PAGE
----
9237079852?profile=originalBy Peter, Gangsters Inc. Editors

It was yet another glorious moment for the Bandidos motorcycle club: On October 8, 2016, the bikers celebrated the founding of their first chapter in the Republic of Ireland. Irish newspapers were filled with articles about, what they labeled, the international, violent, and criminal motorcycle club from Texas, USA, which had now planted its flag in Ireland.

For those who follow outlaw bikers in the media, this was nothing new. It was the usual talk about scary, violent bikers and their past deeds. Except that for those among us who have a very keen eye, one piece of important information was missing from all these articles about the infamous biker club, namely: The Bandidos MC had split up and was divided into two separate entities. No longer were they, as the media continued to report, one ever-expanding outlaw motorcycle club with chapters on several continents.  

According to the official website of the Bandidos USA, the club split up in 2007. “On July 17, 2007, the club was split,” the message read. “Though we share a common name and a similar patch, we are no longer associated with Bandidos MC in Europe, Asia and Australia.”

That information came up on the American Bandidos’ site earlier this year, but as early as 2011, the Danish Broadcasting Company DR wrote that the Bandidos MC split up and that the Bandidos in the United States have a new patch.

Besides what DR wrote back in 2011, there has merely been mention and speculation about the Bandidos split on this website, internet message boards, and once or twice in Scandinavian newspapers. The only official American news source to report on the split was the Houston Chronicle in January 2016, when it wrote about the arrest of Jeff Pike, National President of Bandidos USA.

The article said, “In fact, years back, Pike severed ties with the club’s chapters in Europe and Australia over their propensity for bloodshed and mayhem, as well as drawing recruits who didn’t own motorcycles. Back in Texas, Pike drew the ire of some older members with the 2011 redesign of the large patch worn on the back of Bandidos riding vests.”

But that’s it. Nothing more, nothing less. Something like this has never happened before and it is something of a mystery that the media has not noticed this and written more about it.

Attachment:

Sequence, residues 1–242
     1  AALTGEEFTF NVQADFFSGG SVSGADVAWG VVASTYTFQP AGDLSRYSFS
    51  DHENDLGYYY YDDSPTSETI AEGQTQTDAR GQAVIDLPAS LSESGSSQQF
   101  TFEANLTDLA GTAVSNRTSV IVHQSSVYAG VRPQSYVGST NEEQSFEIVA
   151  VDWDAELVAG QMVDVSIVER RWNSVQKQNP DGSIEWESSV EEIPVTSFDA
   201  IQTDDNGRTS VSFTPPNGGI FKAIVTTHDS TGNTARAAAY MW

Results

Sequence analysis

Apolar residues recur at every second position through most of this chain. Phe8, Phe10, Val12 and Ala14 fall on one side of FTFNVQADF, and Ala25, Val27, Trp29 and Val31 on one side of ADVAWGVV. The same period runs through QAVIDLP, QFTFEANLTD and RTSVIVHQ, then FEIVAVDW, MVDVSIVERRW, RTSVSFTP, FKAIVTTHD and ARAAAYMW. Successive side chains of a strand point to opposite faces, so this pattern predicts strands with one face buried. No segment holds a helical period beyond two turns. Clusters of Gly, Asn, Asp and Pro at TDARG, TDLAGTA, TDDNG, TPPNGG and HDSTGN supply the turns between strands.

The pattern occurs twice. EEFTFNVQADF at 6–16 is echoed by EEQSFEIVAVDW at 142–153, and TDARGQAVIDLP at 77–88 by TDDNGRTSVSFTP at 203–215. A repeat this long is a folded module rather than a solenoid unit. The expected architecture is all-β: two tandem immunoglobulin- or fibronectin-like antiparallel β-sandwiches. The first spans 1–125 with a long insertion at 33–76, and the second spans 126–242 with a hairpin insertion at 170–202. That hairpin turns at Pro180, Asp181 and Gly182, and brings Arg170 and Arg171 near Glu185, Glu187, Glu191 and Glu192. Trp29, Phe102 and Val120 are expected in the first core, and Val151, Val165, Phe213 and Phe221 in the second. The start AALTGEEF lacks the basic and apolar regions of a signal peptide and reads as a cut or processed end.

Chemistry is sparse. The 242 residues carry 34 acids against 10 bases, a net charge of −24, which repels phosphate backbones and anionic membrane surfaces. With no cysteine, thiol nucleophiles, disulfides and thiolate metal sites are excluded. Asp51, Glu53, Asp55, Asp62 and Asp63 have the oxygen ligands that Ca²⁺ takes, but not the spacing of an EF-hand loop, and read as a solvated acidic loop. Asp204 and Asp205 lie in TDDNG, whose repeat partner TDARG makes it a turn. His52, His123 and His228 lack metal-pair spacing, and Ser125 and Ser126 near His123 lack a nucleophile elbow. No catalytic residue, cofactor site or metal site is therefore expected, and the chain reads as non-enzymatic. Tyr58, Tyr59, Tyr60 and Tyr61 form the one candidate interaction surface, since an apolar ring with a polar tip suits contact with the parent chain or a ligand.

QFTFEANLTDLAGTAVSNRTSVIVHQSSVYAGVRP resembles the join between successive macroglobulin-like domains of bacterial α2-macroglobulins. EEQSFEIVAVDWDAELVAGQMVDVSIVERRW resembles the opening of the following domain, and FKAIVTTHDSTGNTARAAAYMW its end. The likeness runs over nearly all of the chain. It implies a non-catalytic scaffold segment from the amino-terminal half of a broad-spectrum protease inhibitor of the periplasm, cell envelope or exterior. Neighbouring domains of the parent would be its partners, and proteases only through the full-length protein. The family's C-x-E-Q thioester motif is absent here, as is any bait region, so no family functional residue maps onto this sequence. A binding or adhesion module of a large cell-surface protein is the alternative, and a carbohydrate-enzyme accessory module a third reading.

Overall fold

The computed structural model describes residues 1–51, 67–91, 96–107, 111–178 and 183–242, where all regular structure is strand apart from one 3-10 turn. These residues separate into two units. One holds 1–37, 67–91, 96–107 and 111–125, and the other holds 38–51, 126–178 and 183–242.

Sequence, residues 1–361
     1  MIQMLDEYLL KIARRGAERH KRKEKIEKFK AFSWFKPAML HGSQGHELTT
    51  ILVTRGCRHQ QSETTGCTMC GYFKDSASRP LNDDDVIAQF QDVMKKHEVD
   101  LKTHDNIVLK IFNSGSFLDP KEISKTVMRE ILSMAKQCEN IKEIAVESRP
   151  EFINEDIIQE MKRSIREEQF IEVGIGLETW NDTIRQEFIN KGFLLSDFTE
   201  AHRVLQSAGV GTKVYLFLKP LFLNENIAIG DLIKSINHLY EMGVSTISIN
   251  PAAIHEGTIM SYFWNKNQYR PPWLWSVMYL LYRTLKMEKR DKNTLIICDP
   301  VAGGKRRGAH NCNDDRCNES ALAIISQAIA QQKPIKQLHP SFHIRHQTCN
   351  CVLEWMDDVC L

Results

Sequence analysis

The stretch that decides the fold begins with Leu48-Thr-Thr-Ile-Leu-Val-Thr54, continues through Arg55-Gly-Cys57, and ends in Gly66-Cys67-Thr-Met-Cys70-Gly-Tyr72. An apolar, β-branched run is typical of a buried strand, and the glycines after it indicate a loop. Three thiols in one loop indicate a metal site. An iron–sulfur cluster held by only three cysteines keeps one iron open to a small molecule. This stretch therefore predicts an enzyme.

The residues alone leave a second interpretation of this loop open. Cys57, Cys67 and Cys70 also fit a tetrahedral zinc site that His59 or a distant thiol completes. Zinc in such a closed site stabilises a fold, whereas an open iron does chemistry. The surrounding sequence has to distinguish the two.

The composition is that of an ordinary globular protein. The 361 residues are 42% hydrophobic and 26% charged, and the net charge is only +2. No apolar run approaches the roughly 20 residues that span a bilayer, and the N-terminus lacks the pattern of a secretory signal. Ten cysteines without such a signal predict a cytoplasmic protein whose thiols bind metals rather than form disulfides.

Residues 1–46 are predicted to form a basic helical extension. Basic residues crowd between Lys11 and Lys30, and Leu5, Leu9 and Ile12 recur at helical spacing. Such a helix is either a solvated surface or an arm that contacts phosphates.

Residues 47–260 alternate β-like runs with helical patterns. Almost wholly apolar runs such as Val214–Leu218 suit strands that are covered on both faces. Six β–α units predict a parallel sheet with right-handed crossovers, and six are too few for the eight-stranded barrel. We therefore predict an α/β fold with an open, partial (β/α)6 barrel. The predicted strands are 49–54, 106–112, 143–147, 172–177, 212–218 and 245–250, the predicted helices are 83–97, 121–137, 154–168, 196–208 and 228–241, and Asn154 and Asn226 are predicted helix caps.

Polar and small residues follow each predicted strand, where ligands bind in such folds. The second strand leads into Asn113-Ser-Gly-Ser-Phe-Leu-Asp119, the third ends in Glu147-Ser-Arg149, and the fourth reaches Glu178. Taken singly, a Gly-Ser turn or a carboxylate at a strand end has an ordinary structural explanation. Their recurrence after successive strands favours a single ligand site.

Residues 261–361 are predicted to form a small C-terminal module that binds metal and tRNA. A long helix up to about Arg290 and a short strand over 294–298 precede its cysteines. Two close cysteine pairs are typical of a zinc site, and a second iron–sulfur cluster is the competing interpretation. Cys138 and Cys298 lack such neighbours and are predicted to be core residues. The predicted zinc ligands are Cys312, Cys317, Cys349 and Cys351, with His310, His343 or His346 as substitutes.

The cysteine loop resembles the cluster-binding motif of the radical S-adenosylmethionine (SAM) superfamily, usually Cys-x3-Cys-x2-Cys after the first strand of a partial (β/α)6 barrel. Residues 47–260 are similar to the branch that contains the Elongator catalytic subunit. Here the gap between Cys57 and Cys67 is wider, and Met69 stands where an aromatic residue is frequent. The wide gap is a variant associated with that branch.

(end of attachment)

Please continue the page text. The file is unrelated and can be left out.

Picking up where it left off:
For the facts are: Bandidos Motorcycle Club in the United States has a new patch and their National President is no longer the International President of Bandidos MC. Chapters of Bandidos MC in Europe, Asia, and Australia continue to use the original patch and the three continents each have a National Chapter who is in charge of the club in their part of the world.

On its website, the American Bandidos offers a terse explanation as to why they broke up. “As time wore on, differences of opinion between the United States, Europe, and Australia about club values and definitions, prompted changes to be made. It was discussed at the annual Chapter Presidents meeting in February 2006. There it was decided by 100 Vote to set Europe, Asia, and Australia free to follow their own path.”

Gangsters Inc. emails to the club asking for a bit more information behind the move went unanswered.

Until someone goes public about the specific reasons for the split and the subsequent creation of a new patch, we can still expect articles about Bandidos MC where the club is described as a unified, international club. Even though it clearly isn’t anymore.

What it is, however, is a unique entity in the world of outlaw biker gangs. The club that started it all, the club that gave birth to hundreds of chapters around the globe, the original Bandidos have severed ties with its chapters in Europe, Asia, and Australia but are still letting every chapter continue to use its notorious name and colors while the granddaddy of them all created a new patch for itself. 

It’s a unique occurrence that – for reasons unknown - has been largely ignored by the media.  

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